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Pharma insight on digital marketing, social media, mobile apps, online video, websites and interactive healthcare tools

The social media adverse event myth

Has new research finally put paid to the idea that pharma risks a flood of AEs from social media if it uses sites like Twitter and Facebook?

Pharma Facebook social media adverse eventsThere may be plenty of reasons why social media might not be the right communications channel for pharma, but it seems the industry's long-held fear of dealing with adverse events shouldn't be one of them.

New research has found that less than half a per cent of social media mentions of pharma brands contain an actionable adverse event.

That was the conclusion of a study by monitoring and analytics firm Visible Intelligence, after it scoured sites like Facebook, YouTube and Twitter for mentions of more than 200 major pharma brands.

The company noted: “Our research indicates that pharmaceutical marketers that engage in diligent monitoring of social media for mentions of their brands should expect to see some mention of AEs within this discussion.

“However, the volume of AEs is not likely to exceed what can be handled through existing adverse event reporting channels established for traditional/offline reporting methods.”

The 30-day study monitored social media channels for mentions of 224 major pharma brands (153 prescription-only medicines and 71 over-the-counter products).

The prescription-only research arm focused on statins and anti-hypertensives, while the over-the-counter part of the project looked at antacids and decongestants.

They defined an adverse event as any “unfavourable and unintended sign”. This included abnormal laboratory findings, symptoms or disease associated with the use of a medical treatment or procedure, regardless of whether it is considered related to the medical treatment or procedure, that occurs during the course of the study.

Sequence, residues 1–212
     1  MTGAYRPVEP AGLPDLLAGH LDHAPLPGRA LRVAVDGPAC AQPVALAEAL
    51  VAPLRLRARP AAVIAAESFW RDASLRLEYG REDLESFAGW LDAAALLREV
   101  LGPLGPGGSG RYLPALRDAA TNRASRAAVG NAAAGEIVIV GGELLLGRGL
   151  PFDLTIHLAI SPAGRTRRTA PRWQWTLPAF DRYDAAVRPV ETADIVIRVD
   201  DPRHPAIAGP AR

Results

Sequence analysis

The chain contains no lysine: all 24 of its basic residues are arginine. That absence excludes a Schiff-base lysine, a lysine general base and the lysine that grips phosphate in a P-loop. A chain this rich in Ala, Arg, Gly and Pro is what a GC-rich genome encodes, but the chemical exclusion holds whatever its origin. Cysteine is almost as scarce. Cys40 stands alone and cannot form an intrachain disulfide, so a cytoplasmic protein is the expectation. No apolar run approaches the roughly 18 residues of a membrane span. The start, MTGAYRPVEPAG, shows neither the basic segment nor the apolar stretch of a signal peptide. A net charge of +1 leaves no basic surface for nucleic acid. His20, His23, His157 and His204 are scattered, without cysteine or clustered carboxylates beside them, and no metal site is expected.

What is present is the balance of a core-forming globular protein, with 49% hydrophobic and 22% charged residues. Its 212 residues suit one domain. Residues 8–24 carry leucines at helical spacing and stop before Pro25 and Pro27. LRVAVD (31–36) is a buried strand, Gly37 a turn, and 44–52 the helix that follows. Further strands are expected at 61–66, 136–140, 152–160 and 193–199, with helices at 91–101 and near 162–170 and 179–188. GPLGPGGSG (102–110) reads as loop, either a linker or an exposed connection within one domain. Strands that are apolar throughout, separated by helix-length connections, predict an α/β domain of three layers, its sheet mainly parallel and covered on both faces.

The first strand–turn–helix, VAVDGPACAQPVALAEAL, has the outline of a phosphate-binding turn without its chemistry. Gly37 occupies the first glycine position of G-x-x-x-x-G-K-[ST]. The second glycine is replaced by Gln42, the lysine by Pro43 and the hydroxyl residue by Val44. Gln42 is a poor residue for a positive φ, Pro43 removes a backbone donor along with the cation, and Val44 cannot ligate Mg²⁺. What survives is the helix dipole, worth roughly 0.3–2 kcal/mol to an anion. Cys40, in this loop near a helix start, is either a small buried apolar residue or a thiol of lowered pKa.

The study collected data from a range of social media sites, including Facebook, Twitter, YouTube, Flickr, Reddit, blogs, forums, message boards, online communities, news sites and health sites.

The data was then cleaned, enriched and analysed using Visible Intelligence's social media monitoring and analytics platform.

Pharma and monitoring online adverse events

But it's not fair to say that pharma always shies away from the adverse event challenge.

Last August Roche released social media guidelines for its employees, explaining that if they see someone mention side-effects from taking one of the Swiss pharma company's drugs they should they should immediately contact its global Drug Safety Team.

Meanwhile, UCB is looking to actively capture information on adverse events associated with its epilepsy products through its partnership with US-based online community PatientsLikeMe.

More recently the Association of the British Pharmaceutical Industry (ABPI) issued guidance notes on the management of adverse events and product complaints from pharmaceutical company sponsored websites.

Produced by the ABPI's Pharmacovigilence Expert Network, the guidance notes cover managing adverse events from social media and the internet and suggest some best practices for the area.

• You can read Visible Technologies' Adverse Event Reporting white paper in full here.

1st December 2011

From: Marketing


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